In an attempt to better recognize the contributions of renowned historical pioneers and one-time Marylanders Harriet Tubman and Frederick Douglass, the Maryland Senate on Friday unanimously cosponsored legislation introduced by Senator Melony Griffith (District 25- Prince George’s County) requiring Maryland public schools to devote class time to the celebration of both Tubman and Douglass. The legislation (Senate Bill 879) would incorporate emphasis of both individuals as part of annual Black History Month studies presently in place in Maryland Public Schools.
Tubman, born a slave in Dorchester County, famously led efforts to free approximately 70 enslaved individuals as a part of the famed Underground Railroad. Her contribution to the causes of freedom are commemorated by the National Park Service which houses the 480-acre Harriet Tubman Underground Railroad National Historical Park in Church Creek Maryland. It was created by Presidentunder the on March 25, 2013.
Douglass, having escaped from slavery in Talbot County, was a well-known orator, writer, and statesman who was profoundly influential in the cause of abolition. Born into slavery in 1818, he became the United States resident Minister to Haiti in 1889 and was also the first African-American to serve as a United States Vice Presidential Nominee when he joined the ticket of Equal Rights Party candidate Victoria Woodhull in 1872.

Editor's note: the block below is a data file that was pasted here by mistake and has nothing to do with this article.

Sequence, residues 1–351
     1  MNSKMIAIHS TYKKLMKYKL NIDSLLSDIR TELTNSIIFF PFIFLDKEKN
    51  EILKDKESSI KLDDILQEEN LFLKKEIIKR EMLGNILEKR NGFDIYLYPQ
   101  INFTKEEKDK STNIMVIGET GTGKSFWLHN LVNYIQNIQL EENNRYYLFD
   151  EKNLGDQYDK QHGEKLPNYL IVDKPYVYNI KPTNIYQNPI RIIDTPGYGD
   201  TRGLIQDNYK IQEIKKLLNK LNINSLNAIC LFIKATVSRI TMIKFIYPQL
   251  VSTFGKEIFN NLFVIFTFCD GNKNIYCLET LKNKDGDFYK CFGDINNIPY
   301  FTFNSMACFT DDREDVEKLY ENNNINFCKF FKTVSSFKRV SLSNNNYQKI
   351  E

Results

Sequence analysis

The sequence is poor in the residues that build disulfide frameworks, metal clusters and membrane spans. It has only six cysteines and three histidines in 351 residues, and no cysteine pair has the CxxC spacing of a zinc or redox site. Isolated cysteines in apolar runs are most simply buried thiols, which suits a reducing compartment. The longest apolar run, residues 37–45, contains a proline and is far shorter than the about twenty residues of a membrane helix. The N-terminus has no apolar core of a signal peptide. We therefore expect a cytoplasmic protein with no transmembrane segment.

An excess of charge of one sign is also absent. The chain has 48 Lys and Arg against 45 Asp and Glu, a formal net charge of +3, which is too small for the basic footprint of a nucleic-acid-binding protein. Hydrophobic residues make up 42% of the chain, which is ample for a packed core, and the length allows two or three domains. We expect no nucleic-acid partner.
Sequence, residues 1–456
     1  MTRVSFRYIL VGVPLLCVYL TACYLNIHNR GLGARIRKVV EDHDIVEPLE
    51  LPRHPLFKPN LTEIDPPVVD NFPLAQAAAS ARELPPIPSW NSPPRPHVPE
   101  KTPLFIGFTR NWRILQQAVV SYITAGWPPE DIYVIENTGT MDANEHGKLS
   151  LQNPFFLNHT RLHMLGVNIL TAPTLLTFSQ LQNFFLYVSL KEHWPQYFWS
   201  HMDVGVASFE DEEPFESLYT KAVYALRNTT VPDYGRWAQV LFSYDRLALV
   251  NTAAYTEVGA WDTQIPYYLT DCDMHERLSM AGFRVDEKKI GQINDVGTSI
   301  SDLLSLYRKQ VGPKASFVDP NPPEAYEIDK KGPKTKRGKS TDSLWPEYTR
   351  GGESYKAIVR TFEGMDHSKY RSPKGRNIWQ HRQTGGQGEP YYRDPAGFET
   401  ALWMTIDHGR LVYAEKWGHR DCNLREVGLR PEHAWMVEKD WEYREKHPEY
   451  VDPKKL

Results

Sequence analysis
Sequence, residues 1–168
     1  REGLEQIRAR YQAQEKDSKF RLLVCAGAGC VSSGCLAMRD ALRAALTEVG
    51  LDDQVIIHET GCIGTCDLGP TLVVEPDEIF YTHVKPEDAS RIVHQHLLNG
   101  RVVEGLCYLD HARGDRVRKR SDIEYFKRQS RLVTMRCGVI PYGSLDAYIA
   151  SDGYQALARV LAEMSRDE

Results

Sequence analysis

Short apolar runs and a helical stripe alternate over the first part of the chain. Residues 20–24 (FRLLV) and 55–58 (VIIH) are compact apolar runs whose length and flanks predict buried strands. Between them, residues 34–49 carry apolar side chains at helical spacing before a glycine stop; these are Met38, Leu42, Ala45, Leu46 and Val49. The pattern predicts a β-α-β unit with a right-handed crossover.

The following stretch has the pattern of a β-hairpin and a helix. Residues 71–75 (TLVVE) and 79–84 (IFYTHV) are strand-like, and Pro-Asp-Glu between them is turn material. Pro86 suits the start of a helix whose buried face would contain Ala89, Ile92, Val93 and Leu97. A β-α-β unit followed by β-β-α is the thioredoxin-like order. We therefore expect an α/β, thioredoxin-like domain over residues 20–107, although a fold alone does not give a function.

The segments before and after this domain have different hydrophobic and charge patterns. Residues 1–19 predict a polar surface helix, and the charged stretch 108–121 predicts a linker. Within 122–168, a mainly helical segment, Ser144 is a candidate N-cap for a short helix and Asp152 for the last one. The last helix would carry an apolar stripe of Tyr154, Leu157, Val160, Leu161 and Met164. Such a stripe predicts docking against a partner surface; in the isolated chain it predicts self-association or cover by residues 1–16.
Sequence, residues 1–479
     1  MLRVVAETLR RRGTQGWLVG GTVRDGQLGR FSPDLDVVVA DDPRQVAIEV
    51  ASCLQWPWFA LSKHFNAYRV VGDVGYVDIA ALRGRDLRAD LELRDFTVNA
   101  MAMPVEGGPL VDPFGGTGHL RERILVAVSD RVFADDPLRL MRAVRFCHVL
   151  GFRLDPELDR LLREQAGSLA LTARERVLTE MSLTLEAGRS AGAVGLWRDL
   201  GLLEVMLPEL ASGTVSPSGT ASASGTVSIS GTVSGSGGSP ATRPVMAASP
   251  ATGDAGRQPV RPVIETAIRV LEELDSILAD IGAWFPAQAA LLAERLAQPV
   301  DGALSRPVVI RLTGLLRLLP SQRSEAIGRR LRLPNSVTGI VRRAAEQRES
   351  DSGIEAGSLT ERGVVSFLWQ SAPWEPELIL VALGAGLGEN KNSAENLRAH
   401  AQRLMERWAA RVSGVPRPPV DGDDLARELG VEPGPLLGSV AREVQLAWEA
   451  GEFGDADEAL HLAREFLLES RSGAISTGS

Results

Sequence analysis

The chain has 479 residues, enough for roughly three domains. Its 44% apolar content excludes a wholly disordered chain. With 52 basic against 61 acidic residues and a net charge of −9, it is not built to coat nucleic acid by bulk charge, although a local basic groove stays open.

Originating in 1926 as a week-long celebration created by Dr. Carter G. Woodson, Black History Month was officially codified by the United States Congress some 60 years later in 1986. It is celebrated annually in the United States as well as Canada, the United Kingdom, Germany, and the Netherlands.
Senate Bill 879 was read across the desk of the Maryland Senate on Friday, February 8th. It has been assigned to the Senate Education, Health, and Environmental Affairs Committee and will be considered in the coming weeks. No hearing information is available at this time.